'Every daughter needs a father': Wife's plea as husband deported

A Tamil woman is fighting to keep her family together in Australia.

The wife of a Tamil asylum seeker being deported from Australia to Sri Lanka has pleaded with the government to reverse the decision so they can raise their baby daughter together.

Thileepan Gnaneswaran, 30, faces permanent separation from his wife and 11-month-old daughter after he was denied a temporary protection visa and issued on Friday with a removal notice by the Department of Home Affairs.

Detained at the Villawood Immigration Detention Centre in Sydney, he was scheduled to be deported to Sri Lanka on Monday.

Thileepan Gnaneswaran with his daughter Najomi.
Source: Tamil Refugee Council / Facebook

His wife Karthika Gnaneswaran says she doesn't know how she will manage without her husband and doesn’t want daughter Najomi to be without her father. She also expressed fears for her husband’s safety should he return to Sri Lanka.

The Tamil Refugee Council claims Mr Gnaneswaran was tortured by Sri Lankan security officers prior to his arrival in Australia because of his family's strong connections to rebel group Liberation Tigers of Tamil Eelam.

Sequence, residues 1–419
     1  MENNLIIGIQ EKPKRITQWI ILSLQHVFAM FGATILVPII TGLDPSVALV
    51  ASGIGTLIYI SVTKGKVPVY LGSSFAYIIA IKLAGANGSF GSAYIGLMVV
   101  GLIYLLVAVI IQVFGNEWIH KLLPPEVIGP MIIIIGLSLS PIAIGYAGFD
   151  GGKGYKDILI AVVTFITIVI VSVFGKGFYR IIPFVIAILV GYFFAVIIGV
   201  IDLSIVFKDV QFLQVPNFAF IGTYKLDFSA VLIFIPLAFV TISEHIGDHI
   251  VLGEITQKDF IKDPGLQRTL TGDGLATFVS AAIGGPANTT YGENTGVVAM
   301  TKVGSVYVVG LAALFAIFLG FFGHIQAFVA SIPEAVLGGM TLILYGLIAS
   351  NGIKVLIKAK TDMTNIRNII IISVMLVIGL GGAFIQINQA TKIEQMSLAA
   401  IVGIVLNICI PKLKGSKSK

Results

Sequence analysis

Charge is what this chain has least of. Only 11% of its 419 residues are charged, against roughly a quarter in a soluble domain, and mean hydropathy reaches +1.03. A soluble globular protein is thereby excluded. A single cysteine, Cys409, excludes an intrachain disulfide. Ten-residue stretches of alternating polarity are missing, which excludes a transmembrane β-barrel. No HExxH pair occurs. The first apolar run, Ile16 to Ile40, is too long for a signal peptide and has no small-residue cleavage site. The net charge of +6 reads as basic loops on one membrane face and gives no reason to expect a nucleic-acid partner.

"I'm really worried about what could happen to him at the hands of the CID [the Criminal Investigation Department of the Sri Lanka Police] and army," Ms Gnaneswaran told SBS News on Monday at a protest outside the detention centre.

"I'm also scared about being separated from him."

Karthika Gnaneswaran, left, at a protest in Sydney.
Source: SBS News

"I'd like to request the government don't send my husband back, our child's future will be impacted and I don't know how we can live without him," she said.

"I don't want my child to grow up without the safety and protection of her father. She will always have my support but every daughter needs a father as well."

The couple arrived in Australia separately and were married in 2016 in a religious ceremony. Ms Gnaneswaran and her daughter were granted a temporary protection Safe Haven Enterprise Visa, but her husband wasn’t.

Tamil Refugee Council spokesperson Aran Mylvaganam said the couple received little legal advice and incorrectly applied for the protection visas as individuals as opposed to a single family unit.

"When they got married they should have been on the same application," said Mr Mylvaganam.

Lawyers representing Mr Gnaneswaran lodged an 11th-hour appeal to Minister for Home Affairs Peter Dutton's office on Sunday night.

"We are just hoping someone will convince the minister not to go ahead with the deportation," Mr Mylvaganam said.

SBS News has contacted the Department of Home Affairs for comment. 

Published 16 July 2018 at 5:49pm, updated 16 July 2018 at 5:55pm
By Sarah Wiedersehn